SociéTé Générale

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SociéTé Générale


(full name, Société Générale Pour Favoriser le Développement du Commerce et de I’Industrie en France), one of the three largest commercial banks of France. Founded in 1864 by an international syndicate headed by the banker Rothschild as a joint-stock company with its administrative center in Paris. The members of the syndicate included, in addition to representatives of the French financial olicharchy, important bankers from Belgium, Germany, Holland, and Switzerland.

Until the law of 1945 regulating banking business in France and dividing banks into commercial (deposit) and business (investment) banks, the Société Générale was a bank with diversified activities. On Jan. 1, 1946, it was nationalized, and the former stockholders were issued inscribed bonds paying yearly dividends. The bonds are amortizable over a period of 50 years, beginning in 1947.

The Société Générale performs all the operations of a deposit bank, its main operation being the issue of loans for foreign trade. In 1971 it had more than 1,800 branches in France and abroad and offices in the United States and Great Britain and was represented in Italy, the Federal Republic of Germany, Japan, Australia, Argentina, Brazil, Mexico, Tunisia, and Indonesia. It also has subsidiary banks in France, Belgium, Spain, and Argentina. In Lebanon and in several African states, including the Ivory Coast, the Malagasy Republic, Tunisia, the Central African Republic, the People’s Republic of the Congo, Senegal, Cameroon, Morocco, and Mauritania, it operates jointly with a number of banks set up as its branches. It also has joint operations with many French and international financial companies. Its fixed capital and reserves are 650 million French francs, and its total balance is 46.7 billion French francs. On Jan. 1, 1971, its deposits amounted to 38.9 billion, the total of its discount loans to 35.7 billion, and its cash and current accounts to 5.4 billion francs.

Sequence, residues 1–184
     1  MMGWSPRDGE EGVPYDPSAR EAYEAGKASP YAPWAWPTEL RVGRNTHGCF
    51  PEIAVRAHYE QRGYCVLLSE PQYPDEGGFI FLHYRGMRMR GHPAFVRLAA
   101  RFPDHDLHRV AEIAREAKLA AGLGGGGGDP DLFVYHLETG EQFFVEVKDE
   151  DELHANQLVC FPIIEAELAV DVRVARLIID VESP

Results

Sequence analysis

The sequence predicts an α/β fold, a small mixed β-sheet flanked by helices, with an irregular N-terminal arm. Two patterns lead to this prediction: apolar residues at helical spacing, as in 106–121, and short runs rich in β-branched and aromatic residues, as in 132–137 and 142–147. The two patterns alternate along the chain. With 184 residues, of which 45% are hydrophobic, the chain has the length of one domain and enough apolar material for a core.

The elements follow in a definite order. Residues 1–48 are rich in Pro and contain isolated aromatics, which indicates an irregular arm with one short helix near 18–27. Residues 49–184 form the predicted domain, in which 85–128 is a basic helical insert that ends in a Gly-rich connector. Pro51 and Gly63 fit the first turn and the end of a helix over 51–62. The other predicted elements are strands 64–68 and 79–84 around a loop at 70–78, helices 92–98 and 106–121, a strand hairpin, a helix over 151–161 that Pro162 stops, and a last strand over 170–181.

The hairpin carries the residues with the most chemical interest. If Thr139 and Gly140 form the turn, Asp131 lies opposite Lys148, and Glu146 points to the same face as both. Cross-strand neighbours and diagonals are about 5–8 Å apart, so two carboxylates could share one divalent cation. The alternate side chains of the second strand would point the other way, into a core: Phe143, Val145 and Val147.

References in periodicals archive ?
The operational management of the company following this will be transferred to Sogecap, the French life-insurance company of the SocGen group.
In May, SocGen announced E900m of cost-cutting reductions over the next two years in a bid to regain profitability.
In 1997, SocGen embarked on an acquisition spree in order to expand its retail banking in France and outside France.
For example, when SocGen discovered rogue trader Jerome Kerviel's massive and unauthorized market bets in January 2008, it booked related losses on its 2007 accounts.
Speculation began in 2009 that the two banks might at some stage proceed towards a full merger, although in October, both SocGen and Agricole denied this was the case.
SocGen had issued ODIs to its subscriber Hythe without ascertaining whether it was a regulated entity.
A trader in London said Ambac insured the collateral debt obligation business of SocGen.
They claim the SocGen only encountered losses when it tried to wind up Kerviel's investments.
SocGen revealed plans for the capital increase on January 24 when it unveiled 4.
All banks have started to ask themselves whether it could happen to them and are looking again at their risk management systems after SocGen last week disclosed an equity derivative loss of pounds 3.
A finance ministry report yesterday stated explicitly it was not seeking to apportion blame for what had happened but was merciless in its exposure of shortcomings at SocGen, saying sophisticated risk control procedures were useless if "human factors" were ignored.
Prosecutors will not question Kerviel until documents obtained from SocGen are analysed.